Action Comics No 1 – the book that essentially launched the entire superhero industry in 1938 by featuring Superman’s debut – received an “actual bid” of nearly $2.2m (£1.3m) yesterday, according to the eBay auction site. The virtual gavel falls today.
The highest price ever paid at auction for a comic is $2,161,100, when another high-quality copy of Action Comics No 1 – widely rumoured to have been stolen from the actor Nicolas Cage before being recovered – was bought by an anonymous buyer in 2011.
Yet the owner of the book now on the block, Darren Adams – a collector who runs the Pristine Comics shop in Washington state – said he paid a seven-figure sum for his issue several years ago, and that he turned down multimillion-dollar offers before going to auction.
“If it stayed at this current [bid] price, I’d be more than happy to buy back the book myself, if I could,” Mr Adams told The Washington Post.
The current bid is $2.194m, but Mr Adams said he was hoping for a price well above $3m. “This book is like a museum piece,” he said. “It’s a freak-of-nature work.”
Only a few dozen unrestored copies of Action Comics No 1 – cover price, 10 cents – are known to exist, and perhaps only seven of them are in such good condition that they receive a grade higher than 6.0 from the Certified Guaranty Company, which rates comics on a scale of one to 10.
Mr Adams’ copy is graded at 9.0, almost unheard-of for this issue, which hit newsstands in the summer of 1938. And among the known copies, “only two have perfect-white pages” – and his is one of them.
The comic was bought new by a man who kept it in a cedar chest at high altitude in the mountains of West Virginia, where it rested for decades until he died.
“What happens next is kind of cool,” Mr Adams said. “This young guy – a collector who’s getting going – goes to the estate… and sees this book and sees the pages are incredible. So he constructed himself a similar cedar chest” to store it in.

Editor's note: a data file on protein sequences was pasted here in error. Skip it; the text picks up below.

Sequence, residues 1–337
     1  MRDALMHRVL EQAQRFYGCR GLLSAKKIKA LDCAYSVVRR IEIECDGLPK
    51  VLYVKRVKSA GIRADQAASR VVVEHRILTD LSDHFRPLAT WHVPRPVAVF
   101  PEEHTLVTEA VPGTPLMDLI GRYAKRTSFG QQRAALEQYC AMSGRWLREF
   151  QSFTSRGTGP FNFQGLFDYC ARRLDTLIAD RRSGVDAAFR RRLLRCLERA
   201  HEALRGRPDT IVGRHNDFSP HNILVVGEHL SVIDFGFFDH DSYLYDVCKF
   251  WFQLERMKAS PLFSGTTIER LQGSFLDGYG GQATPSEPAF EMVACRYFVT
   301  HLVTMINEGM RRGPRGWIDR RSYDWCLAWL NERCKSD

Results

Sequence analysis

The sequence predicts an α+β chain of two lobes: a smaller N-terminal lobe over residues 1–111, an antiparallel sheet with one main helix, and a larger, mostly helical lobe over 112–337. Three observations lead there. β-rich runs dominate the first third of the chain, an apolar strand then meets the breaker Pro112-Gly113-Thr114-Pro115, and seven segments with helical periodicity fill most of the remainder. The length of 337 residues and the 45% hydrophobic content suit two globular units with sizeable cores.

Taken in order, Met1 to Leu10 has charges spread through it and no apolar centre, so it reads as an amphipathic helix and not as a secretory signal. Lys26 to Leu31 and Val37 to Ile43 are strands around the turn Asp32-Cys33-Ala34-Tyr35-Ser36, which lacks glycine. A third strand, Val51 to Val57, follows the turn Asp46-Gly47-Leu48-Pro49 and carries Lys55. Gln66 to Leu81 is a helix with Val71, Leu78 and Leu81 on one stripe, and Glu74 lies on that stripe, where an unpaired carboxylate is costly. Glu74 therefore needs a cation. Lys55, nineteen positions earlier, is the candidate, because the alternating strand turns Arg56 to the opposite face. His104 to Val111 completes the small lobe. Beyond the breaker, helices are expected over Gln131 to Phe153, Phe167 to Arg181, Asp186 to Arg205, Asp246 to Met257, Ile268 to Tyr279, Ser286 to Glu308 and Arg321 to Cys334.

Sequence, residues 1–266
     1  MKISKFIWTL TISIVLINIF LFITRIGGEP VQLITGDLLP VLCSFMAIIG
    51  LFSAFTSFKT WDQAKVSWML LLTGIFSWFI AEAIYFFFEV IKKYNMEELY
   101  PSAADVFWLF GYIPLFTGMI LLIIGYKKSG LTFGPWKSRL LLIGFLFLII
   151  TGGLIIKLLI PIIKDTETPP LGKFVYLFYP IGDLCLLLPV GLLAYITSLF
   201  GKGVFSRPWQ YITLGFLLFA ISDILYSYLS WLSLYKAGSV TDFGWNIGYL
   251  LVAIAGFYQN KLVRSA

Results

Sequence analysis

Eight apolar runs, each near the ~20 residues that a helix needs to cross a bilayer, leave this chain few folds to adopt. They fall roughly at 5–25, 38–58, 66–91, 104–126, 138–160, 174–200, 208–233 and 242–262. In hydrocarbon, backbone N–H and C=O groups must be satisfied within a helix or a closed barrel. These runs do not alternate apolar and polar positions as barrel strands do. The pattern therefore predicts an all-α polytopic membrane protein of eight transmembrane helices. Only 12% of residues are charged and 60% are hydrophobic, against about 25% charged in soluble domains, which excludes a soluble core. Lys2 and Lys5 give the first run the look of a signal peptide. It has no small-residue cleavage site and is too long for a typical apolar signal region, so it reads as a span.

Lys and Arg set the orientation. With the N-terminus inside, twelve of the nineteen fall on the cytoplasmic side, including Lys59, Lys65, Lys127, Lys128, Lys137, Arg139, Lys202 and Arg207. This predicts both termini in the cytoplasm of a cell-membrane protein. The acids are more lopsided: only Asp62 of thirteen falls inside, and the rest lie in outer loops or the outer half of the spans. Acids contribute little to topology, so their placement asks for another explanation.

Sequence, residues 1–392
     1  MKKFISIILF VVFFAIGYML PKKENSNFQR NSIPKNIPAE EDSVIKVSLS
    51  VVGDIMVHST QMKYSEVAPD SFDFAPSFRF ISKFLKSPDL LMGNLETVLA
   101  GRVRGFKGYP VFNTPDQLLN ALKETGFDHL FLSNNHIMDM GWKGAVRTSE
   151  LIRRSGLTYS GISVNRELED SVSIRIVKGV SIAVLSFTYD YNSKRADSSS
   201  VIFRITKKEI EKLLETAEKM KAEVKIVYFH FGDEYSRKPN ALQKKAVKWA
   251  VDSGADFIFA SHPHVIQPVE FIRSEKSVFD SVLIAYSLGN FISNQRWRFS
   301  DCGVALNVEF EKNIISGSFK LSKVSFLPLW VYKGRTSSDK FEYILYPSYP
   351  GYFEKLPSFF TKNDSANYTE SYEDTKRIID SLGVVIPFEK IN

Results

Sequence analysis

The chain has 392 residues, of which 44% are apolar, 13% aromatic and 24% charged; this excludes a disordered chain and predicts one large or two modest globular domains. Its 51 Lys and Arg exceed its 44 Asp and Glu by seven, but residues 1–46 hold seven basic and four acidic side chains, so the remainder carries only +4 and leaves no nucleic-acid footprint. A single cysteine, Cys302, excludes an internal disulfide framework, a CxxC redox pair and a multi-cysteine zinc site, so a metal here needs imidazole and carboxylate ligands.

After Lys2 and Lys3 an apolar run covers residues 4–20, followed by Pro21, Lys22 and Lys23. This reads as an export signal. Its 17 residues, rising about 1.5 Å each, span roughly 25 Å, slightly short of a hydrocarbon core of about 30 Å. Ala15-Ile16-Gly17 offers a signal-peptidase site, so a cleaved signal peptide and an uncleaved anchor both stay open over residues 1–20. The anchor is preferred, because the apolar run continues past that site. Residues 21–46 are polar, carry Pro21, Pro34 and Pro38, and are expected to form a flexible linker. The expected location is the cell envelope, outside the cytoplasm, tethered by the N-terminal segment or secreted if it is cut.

Mr Adams, 53, was an avid comics reader as a boy, pulled in by the art in early 1970s Batman strips.
By age 11, he started a lawn-mowing business – renting push mowers and getting friends to do the mowing for a cut of the money – and poured much of his profits into buying comic books. Like some latter-day Tom Sawyer, he said he was “already a wheeler-and-dealer”.
For years he has been willing to travel the world to buy collectables. He didn’t get his hopes up when a seller contacted him several years ago to offer a 1938 Superman, but then he flew to see it in person. “The cover was so bright and vivid,” he recalled. “The corners were real sharp. I was very surprised. Then I saw the interior of the book, and I was blown away by the depth of the colour and the suppleness of the page.”
Mr Adams had treasured a previous moment when he had touched an Action Comics No 1, but that one was only a 6.5. “I saw one at [San Diego] Comic-Con,” Mr Adams said. The online auction house Metropolis let Mr Adams, as a veteran collector, hold it.
“Then my son holds it,” Mr Adams recalled, “and I say to him: ‘Remember this. You’re holding a six.’ That’s how special it felt. Fast-forward to this moment in time. I’m looking at this book – this might be the best copy in existence. It was a surreal moment.”
Some comic fans would never sell a book this rare. But Mr Adams is a businessman, and keeping valuable books in circulation, and making a profit in return, is what he does.
“I actually held it for a few years – I was so excited about this book,” he said. “And equally exciting to having a book of this condition is the fact that nobody knew it existed. Most books have a history… but this book was totally off the grid, and nobody knew about it ’til I made it known.”
Once Mr Adams decided to sell, his next step was to decide how. Metropolis and Heritage Auctions have handled record-breaking vintage comic books. Yet Mr Adams believed eBay could deliver a wider international audience. “I’ve done business with the major auction houses,” he said. “I didn’t want to simply stick with the comics crowd [of buyers]. I wanted to get a worldwide audience for this book… And nobody has a bigger reach than eBay.”
The modern value of the comic contrasts sharply with the money paid to the teenagers Jerry Siegel and Joe Shuster, who created Superman in the 1930s. They sold the rights for just $130 to Detective Comics – now known as DC.
Mr Adams has decided to give a portion of the sale proceeds to the Christopher Dana Reeve Foundation, a charity for spinal-cord injury which honours the 1970s movie Superman, Christopher Reeve.
© Washington Post